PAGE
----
About Jamie Kitman
Jamie Kitman's personality was evidently arrested at the age of 12, for though he was trained as a lawyer (and remains a member of the New York and New Jersey bars), he earns his living writing about cars and managing the careers of rock musicians. He is the New York bureau chief at Automobile Magazine, where he is also a longtime columnist; he is the car guy for GQ; and a contributor to The Nation, The Washington Post, Harper's, Foreign Policy, Top Gear and CAR magazines. He calls his proudest achievement writing the very first anti-SUV op-ed piece in the New York Times in 1994.
Jamie's also the manager of alternative rock artists like They Might Be Giants, OK Go, Mike Doughty and Mike Viola, and he has worked with diverse acts including The La's, Violent Femmes, Meat Puppets, Pere Ubu and Yo La Tengo. How does he split his time? Kitman, the father of three children, explains that eighty percent of his time is spent managing bands and the other eighty percent writing. "Cars, music and magazines, what could be better? Three dying industries mean threes time the work and half the fun," Kitman notes, "but somehow it all adds up. Even if my accountant disagrees."
The winner of numerous awards, including the National Magazine Award for commentary, and an IRE Award for investigative magazine reporting, Jamie's currently writing a book about the history of lead in gasoline.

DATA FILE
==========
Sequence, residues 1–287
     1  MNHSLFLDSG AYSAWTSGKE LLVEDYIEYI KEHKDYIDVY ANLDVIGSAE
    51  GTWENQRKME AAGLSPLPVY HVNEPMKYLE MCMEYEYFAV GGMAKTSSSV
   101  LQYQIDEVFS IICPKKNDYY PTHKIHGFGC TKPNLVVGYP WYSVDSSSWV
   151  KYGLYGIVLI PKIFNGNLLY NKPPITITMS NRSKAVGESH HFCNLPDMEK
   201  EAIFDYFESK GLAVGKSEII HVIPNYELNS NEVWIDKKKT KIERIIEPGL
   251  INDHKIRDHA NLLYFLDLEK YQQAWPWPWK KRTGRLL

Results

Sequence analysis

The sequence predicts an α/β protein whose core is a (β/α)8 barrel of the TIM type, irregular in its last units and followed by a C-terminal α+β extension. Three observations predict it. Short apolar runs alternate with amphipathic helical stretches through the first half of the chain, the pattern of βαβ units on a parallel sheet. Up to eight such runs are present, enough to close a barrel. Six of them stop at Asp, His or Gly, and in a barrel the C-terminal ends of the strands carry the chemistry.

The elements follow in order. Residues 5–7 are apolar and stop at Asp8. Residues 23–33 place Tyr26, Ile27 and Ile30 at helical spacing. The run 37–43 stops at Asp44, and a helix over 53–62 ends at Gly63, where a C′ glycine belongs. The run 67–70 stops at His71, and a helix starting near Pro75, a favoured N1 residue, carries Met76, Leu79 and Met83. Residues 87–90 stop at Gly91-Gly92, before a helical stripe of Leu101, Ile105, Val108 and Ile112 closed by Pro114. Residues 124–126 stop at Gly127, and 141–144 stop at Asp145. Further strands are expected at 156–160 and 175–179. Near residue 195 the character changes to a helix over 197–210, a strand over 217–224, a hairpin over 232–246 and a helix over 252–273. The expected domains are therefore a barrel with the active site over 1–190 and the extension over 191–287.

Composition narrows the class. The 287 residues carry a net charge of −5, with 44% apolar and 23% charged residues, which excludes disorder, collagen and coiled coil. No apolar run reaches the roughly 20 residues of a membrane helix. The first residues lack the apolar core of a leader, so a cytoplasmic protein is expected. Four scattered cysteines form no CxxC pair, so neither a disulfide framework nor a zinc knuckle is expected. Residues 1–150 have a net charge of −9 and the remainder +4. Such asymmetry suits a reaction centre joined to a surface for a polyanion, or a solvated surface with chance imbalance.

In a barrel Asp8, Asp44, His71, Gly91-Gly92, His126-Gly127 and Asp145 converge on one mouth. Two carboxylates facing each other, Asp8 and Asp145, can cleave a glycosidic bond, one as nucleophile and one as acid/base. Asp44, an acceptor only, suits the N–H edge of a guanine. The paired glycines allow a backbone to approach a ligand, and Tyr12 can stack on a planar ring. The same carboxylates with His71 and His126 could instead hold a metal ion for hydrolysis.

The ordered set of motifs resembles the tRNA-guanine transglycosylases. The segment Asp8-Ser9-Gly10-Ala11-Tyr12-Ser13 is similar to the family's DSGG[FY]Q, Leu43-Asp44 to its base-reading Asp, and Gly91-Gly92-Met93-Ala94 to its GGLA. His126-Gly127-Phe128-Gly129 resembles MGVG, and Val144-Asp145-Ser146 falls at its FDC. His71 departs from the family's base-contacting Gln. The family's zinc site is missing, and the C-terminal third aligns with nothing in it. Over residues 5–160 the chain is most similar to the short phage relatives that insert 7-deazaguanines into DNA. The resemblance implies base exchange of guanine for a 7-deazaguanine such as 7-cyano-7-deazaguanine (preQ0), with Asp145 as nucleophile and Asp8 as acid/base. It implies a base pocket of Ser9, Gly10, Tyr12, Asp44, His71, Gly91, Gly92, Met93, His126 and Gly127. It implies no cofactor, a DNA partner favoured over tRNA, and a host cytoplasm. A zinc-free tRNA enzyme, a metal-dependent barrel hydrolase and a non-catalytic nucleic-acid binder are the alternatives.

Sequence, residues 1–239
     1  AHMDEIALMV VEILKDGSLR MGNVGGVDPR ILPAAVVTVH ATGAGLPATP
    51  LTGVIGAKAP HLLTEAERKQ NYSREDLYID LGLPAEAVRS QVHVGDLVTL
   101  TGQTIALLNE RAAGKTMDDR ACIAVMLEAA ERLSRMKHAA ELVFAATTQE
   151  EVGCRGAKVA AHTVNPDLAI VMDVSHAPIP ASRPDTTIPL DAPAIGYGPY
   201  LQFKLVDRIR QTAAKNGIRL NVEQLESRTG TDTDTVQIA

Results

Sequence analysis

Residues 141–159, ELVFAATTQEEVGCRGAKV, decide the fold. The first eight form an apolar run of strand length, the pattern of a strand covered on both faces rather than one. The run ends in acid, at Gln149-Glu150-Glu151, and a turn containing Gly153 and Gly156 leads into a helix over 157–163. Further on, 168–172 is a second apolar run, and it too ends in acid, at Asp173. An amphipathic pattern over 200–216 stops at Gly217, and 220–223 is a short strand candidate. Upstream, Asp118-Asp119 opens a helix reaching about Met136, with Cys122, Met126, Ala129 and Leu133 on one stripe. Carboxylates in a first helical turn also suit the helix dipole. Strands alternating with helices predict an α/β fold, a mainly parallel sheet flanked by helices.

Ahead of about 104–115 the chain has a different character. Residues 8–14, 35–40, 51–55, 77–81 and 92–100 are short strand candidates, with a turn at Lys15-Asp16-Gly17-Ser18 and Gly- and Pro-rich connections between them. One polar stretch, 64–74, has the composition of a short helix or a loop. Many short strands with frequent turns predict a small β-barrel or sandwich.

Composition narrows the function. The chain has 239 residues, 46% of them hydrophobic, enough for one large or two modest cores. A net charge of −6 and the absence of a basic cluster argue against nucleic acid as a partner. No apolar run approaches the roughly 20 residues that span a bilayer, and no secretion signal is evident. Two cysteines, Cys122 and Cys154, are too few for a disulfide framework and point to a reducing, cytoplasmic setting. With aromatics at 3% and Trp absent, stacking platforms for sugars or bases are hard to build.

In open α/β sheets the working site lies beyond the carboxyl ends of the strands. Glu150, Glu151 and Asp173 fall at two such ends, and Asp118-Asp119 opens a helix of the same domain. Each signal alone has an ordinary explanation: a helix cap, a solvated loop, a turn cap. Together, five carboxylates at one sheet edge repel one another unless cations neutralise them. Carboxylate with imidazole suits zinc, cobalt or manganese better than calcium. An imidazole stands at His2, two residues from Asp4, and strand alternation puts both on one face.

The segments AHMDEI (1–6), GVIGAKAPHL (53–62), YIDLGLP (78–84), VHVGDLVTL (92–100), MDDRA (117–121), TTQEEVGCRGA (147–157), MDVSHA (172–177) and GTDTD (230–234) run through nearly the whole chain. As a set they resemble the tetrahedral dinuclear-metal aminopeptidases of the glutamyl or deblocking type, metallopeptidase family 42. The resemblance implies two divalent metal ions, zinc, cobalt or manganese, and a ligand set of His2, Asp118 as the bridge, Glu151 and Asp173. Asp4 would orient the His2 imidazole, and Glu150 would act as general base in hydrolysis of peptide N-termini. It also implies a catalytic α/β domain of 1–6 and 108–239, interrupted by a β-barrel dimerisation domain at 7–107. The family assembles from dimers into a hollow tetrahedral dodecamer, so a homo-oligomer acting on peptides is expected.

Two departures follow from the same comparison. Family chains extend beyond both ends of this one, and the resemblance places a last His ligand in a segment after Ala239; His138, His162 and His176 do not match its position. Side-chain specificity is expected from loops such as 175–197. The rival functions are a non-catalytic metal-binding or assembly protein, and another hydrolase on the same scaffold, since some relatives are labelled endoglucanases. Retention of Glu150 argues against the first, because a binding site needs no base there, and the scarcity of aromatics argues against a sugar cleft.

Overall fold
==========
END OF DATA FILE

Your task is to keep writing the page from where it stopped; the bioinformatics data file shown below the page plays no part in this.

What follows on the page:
When not driving the latest from the world's car makers, Jamie manages to spend an inordinate amount of time tending to the veritable fleet of old cars he keeps near his home by the lower reaches of the Hudson River -- mostly sixties British effluvia and lower-end Italians (Lancia, Alfa). However, he does own a BMW 2002tii and two old Volvo wagons, one of which is a near exact clone of the Volvo wagon he owned in the early eighties and -- by miraculous coincidence -- sold to a young Jim Motavalli while working as a cub copy editor at the Stamford (CT) Advocate.
"No, that couldn't have been you," Kitman told Motavalli when Car Talk's senior blogger said recently that he remembered buying a light green '67 122S wagon from a guy at the Stamford Advocate in the early eighties. "No, Jim, the guy I sold the Volvo to was a stoned longhair who called back the next day to demand his money back when my $175 sold as-is 122S turned out to need the valve job which I'd told him it might need."
"Yup, I was a stoned longhair and that sounds exactly like something I would've done," Motavalli explained. Fortunately, the statute of limitations has run out.